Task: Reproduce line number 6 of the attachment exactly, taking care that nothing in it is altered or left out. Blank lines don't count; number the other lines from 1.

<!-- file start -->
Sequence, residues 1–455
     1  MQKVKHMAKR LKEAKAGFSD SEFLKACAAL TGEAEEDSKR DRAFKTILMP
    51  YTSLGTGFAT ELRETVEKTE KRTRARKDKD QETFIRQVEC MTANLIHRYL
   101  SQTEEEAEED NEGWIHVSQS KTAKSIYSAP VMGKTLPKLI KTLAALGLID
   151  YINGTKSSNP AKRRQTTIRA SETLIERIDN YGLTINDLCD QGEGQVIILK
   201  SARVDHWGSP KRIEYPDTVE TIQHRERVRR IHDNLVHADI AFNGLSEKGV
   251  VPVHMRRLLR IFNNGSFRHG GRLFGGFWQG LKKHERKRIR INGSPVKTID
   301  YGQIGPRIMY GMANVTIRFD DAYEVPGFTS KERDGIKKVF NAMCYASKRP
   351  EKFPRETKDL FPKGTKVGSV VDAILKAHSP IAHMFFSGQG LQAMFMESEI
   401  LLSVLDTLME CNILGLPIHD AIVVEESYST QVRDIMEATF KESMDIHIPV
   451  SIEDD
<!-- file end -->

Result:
   201  SARVDHWGSP KRIEYPDTVE TIQHRERVRR IHDNLVHADI AFNGLSEKGV